Niue is an atoll composed of coral that stretches over about 100 square miles of the South Pacific in the general vicinity of the Cook Islands, Samoa and Tonga, some 1500 miles northeast of New Zealand. Most of the population of around 1500 hold dual New Zealand citizenship, though through a trick of geography, specifically the routing of the International Date Line, the two countries are actually 23 or 24 hours apart in time depending on whether or not it happens to be daylight savings time. And though Niue is functionally independent, it still recognizes the British monarch as its official head of state. This remote tropical location features striking coral beaches and shorelines, with no bodies of fresh water, so that the water always remains crystal clear. The main island is hived with numerous caves, and features remote, rugged coves and hidden strips of beach, some of which have barely known any human presence. The striking indigenous flora and fauna can be seen in the Huvalu Rainforest, which has been protected as a designated Conservation Area.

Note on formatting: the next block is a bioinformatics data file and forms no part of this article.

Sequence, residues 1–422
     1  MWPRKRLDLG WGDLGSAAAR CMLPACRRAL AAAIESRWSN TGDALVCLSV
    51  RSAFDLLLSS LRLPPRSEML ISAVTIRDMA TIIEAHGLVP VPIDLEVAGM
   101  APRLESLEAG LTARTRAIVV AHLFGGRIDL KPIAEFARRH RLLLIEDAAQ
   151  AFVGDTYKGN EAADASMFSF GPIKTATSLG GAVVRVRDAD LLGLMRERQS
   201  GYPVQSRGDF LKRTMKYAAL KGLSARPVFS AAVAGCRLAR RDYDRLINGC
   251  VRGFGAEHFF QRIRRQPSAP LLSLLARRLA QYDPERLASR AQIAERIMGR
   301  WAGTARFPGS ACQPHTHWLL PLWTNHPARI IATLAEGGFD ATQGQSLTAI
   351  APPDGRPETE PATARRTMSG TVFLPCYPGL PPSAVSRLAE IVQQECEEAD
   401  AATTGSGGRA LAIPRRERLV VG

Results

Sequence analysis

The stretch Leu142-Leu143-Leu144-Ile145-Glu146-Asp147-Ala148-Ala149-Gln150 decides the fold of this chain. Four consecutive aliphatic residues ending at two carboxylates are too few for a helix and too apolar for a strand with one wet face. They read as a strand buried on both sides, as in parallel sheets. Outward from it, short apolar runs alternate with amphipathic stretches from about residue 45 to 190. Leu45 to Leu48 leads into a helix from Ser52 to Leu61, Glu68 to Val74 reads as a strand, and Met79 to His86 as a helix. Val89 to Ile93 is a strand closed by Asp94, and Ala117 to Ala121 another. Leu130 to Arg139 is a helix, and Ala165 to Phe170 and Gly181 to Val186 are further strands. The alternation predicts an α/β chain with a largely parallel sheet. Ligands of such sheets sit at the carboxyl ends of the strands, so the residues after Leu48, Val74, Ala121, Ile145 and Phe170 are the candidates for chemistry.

Even at so remote a location, there is a place to play golf. Outside the capital city and main population center of Alofi, near the Hanan International Airport in the island's southwest is Niue Golf and Sports club. Visitors are of course welcome on this 9-hole layout, which may be far from state-of-the-art, but is still well maintained, and well worth playing. During the week, players are trusted to leave their green fees in an honesty box.
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